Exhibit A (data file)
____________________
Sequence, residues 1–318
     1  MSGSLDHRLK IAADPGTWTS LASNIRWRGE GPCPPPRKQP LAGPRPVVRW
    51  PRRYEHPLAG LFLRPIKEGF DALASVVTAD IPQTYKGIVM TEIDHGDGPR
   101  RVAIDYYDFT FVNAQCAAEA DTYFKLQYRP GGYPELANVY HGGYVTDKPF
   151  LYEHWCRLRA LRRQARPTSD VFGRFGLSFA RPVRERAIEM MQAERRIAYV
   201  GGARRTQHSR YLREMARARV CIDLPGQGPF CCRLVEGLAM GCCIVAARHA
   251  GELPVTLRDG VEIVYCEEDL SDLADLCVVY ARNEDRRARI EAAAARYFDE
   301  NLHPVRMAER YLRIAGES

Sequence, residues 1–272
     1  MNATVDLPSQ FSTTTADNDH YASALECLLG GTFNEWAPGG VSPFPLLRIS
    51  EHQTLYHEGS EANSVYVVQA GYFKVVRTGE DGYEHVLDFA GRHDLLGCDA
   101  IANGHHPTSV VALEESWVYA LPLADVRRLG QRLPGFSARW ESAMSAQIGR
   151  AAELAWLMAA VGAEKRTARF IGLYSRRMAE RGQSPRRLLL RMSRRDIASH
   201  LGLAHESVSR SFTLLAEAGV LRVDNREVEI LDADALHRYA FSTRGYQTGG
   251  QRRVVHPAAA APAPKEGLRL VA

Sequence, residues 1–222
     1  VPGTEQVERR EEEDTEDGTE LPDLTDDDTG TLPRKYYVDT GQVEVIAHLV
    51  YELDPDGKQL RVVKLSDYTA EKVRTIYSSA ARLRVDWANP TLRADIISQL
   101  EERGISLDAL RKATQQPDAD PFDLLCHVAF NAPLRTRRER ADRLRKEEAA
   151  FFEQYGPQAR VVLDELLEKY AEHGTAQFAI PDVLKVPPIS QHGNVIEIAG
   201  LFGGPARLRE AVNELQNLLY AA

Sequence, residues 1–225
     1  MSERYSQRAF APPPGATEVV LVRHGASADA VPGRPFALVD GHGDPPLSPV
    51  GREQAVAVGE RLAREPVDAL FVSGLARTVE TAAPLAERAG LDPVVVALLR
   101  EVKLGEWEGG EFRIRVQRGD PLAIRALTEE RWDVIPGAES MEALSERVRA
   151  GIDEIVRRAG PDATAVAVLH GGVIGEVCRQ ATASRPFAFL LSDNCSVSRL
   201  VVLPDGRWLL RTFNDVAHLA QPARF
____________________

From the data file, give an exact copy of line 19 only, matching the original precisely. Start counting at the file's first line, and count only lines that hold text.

   101  EERGISLDAL RKATQQPDAD PFDLLCHVAF NAPLRTRRER ADRLRKEEAA